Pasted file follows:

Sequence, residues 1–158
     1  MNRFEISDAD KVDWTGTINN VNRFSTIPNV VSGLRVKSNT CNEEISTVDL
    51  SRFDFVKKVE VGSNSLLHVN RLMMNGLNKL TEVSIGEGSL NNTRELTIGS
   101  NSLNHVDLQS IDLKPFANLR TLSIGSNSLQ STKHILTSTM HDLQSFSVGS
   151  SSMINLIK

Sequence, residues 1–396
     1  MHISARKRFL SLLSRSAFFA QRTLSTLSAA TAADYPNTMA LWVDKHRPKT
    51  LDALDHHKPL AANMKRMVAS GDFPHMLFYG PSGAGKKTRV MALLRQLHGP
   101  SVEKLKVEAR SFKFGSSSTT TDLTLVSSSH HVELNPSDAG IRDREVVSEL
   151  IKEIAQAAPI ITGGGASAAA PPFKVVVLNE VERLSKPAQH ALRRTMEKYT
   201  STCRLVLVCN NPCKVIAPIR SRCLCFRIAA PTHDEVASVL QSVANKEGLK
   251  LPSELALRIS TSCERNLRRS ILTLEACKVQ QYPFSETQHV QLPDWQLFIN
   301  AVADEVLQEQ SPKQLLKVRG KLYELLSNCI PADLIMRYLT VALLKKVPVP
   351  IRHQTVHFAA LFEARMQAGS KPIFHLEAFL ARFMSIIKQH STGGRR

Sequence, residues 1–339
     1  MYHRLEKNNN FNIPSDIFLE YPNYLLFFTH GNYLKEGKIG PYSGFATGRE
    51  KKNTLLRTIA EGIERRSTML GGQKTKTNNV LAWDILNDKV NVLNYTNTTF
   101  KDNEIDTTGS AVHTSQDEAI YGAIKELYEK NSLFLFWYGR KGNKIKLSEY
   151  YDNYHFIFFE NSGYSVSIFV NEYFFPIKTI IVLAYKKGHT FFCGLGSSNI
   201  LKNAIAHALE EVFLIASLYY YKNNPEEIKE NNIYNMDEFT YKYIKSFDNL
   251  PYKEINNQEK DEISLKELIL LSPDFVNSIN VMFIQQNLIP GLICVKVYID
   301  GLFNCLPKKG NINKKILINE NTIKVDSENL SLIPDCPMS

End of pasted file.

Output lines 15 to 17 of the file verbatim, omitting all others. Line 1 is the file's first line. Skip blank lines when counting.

Sequence, residues 1–339
     1  MYHRLEKNNN FNIPSDIFLE YPNYLLFFTH GNYLKEGKIG PYSGFATGRE
    51  KKNTLLRTIA EGIERRSTML GGQKTKTNNV LAWDILNDKV NVLNYTNTTF